Jessica Melendez’s Bourbon Caramel Pine Nut Tart. (Credit: David Benthal)
There’s something about the smell of freshly baked desserts filling the air during the holidays that invokes a Norman Rockwell type of nostalgia. The seasonal aromas and comforting bites are best enjoyed when shared. Whether you’re a professional chef or an at-home cook, the desire to create holiday desserts that wow guests is universal.
We asked three North Fork chefs to reveal their go-to holiday dessert recipes that are easy to make at home and leave a lasting impression on guests. Save these recipes; you’ll want them for next year, too.(more…)
The sweet and simple fixings for chocolate fondue. (Credit: John Ross)
Belgium is a small country on the North Sea that borders Germany, France, the Netherlands and Luxembourg. Belgium is famous for all the wars that have taken place on its land and, more recently, as the home of the European Union and of NATO, among other international organizations.
But its cuisine has long been overshadowed by that of France. (more…)
Shaina (left) and Danielle Ross, granddaughters of John Ross, put dough through a hand-cranked pasta maker. (Credit: John Ross)
When we work with our hands with determination and love we end up with a product that is more than just dinner; it is an inner expression of love to the ones we are serving and results in an even better feeling about ourselves.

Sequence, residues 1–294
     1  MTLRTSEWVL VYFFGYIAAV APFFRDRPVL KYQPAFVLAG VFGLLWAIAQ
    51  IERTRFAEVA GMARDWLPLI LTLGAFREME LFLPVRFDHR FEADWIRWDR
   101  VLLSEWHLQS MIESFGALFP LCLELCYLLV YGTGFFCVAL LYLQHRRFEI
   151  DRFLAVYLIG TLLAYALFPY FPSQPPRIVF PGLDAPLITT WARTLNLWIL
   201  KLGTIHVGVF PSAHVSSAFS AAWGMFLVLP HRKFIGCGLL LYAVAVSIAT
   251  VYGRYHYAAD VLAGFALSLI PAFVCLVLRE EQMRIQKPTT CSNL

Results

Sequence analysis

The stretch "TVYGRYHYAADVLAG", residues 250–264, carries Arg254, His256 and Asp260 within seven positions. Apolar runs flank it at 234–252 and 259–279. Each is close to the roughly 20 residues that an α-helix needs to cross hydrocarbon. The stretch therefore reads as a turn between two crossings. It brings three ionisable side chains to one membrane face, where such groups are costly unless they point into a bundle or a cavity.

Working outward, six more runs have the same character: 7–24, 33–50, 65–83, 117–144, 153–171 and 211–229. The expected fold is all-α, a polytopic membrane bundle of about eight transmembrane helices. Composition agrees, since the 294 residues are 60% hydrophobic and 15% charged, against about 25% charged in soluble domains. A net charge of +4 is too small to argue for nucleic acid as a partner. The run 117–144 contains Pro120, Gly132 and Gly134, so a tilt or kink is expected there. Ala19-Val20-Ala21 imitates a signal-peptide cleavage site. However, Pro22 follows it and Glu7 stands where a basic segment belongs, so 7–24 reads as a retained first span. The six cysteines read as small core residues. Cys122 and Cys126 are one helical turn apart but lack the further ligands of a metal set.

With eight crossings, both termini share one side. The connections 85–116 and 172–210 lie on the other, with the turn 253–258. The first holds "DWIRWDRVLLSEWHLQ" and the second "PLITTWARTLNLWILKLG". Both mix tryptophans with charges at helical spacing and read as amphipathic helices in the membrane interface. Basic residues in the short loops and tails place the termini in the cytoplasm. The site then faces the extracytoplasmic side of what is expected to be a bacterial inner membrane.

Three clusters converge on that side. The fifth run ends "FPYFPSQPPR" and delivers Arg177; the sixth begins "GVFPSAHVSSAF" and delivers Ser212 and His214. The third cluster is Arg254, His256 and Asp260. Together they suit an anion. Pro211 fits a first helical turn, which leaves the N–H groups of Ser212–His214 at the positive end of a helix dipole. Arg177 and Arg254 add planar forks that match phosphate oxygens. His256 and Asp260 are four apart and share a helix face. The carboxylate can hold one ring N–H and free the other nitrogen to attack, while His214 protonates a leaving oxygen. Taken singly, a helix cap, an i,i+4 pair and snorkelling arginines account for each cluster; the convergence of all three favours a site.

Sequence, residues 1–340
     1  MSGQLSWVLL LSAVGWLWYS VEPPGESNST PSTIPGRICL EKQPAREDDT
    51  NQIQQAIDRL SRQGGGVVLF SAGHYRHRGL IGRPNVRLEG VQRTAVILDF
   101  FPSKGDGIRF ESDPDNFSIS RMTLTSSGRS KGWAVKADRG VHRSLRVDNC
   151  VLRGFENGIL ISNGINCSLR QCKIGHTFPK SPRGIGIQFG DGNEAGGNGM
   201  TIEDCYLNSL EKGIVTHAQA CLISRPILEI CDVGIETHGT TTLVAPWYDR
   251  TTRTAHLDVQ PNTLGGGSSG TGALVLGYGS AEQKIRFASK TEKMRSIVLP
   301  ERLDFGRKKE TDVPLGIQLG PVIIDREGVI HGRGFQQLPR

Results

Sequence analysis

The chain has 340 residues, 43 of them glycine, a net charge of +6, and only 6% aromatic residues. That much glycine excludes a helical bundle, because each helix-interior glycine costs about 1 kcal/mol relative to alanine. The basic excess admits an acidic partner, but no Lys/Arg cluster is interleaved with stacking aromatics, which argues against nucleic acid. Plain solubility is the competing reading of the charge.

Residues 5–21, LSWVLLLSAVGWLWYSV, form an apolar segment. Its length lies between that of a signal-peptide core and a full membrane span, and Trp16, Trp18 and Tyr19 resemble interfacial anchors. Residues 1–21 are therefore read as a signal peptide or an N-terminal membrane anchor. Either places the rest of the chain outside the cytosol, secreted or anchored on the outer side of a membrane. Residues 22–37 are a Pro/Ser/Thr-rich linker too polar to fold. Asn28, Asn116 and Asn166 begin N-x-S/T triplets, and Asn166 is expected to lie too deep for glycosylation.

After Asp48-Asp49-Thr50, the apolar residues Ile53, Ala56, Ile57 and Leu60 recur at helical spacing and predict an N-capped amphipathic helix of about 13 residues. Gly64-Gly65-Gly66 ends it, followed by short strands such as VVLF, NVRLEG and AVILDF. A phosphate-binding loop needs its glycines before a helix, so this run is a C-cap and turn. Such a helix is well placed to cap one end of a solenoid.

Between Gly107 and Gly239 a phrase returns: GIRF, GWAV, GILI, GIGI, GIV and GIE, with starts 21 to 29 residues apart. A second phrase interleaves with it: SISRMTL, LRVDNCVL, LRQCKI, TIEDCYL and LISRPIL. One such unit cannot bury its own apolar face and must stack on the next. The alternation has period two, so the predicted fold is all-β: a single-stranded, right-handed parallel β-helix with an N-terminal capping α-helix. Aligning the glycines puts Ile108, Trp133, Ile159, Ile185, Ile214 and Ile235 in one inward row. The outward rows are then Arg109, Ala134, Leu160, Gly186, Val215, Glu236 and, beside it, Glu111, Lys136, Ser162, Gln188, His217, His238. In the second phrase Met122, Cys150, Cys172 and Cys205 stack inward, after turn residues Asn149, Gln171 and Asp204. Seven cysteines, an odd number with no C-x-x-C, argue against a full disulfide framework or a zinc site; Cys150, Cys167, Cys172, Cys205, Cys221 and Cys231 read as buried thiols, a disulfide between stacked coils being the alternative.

Leftover Thanksgiving turkey and gravy are perfect for these turkey pot pies. (Credit: John Ross)
Leftovers from the annual Thanksgiving feast are not like other leftovers. They are something special that we look forward to — sometimes as much as the original meal. We put so much work into Thanksgiving dinner that, somehow, we must make it last a little longer. Here are some of my favorite ways to use that turkey left over the weekend:
After the Thanksgiving meal is over, be sure to refrigerate the turkey carcass and other leftovers as soon as possible. Make a large amount of gravy so that you have enough for the leftover meal. Refrigerate the gravy in a shallow container so that it cools quickly. (more…)
A freshly shucked Peconic Bay scallop. (Credit: Krysten Massa)
As a chef on the North Fork I have cooked Peconic Bay scallops in many ways, going all the way back to 1973, when I opened Ross’ North Fork Restaurant. (Back then we had a sandwich sign in front of the restaurant that advertised a Peconic Bay scallop dinner for $4.95). The season for scallops went from September to March, but has been shortened in recent years to November to March. This allows the scallops to spawn and grow to maturity. I only cook fresh scallops when they are in season. When you freeze and thaw them, they are still pretty good but their structure breaks down, they lose moisture and they don’t caramelize when sautéed.